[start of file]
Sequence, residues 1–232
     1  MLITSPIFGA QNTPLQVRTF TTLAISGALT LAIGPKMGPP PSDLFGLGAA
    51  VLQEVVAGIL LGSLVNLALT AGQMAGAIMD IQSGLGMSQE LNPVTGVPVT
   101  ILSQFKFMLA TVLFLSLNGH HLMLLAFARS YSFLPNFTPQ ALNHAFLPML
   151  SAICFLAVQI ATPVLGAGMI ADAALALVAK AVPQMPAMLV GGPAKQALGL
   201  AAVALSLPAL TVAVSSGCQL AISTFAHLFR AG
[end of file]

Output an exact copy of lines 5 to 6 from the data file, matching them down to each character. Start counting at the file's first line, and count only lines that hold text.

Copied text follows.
   151  SAICFLAVQI ATPVLGAGMI ADAALALVAK AVPQMPAMLV GGPAKQALGL
   201  AAVALSLPAL TVAVSSGCQL AISTFAHLFR AG